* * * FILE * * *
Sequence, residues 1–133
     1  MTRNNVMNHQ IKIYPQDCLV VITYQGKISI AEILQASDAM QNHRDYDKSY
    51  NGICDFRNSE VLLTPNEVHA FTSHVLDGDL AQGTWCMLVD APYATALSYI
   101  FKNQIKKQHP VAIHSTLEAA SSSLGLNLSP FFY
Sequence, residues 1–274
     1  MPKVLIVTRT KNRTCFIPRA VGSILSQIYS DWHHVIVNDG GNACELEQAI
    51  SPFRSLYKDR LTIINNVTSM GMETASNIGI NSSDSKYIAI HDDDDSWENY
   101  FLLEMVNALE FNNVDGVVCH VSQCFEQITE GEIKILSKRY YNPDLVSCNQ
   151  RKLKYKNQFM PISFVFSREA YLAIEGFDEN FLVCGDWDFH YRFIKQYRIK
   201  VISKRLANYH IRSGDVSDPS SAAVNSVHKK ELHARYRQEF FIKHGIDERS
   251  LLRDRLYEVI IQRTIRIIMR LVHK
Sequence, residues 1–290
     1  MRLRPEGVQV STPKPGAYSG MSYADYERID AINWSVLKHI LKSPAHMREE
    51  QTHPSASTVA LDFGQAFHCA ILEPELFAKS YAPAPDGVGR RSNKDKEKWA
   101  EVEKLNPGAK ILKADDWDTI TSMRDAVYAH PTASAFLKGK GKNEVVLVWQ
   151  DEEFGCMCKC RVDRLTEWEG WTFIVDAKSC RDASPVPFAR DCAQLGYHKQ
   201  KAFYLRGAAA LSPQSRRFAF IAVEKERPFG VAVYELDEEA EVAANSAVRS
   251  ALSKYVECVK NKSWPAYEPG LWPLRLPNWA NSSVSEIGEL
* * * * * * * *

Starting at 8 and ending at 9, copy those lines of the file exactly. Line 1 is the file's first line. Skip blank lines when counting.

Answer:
   101  FLLEMVNALE FNNVDGVVCH VSQCFEQITE GEIKILSKRY YNPDLVSCNQ
   151  RKLKYKNQFM PISFVFSREA YLAIEGFDEN FLVCGDWDFH YRFIKQYRIK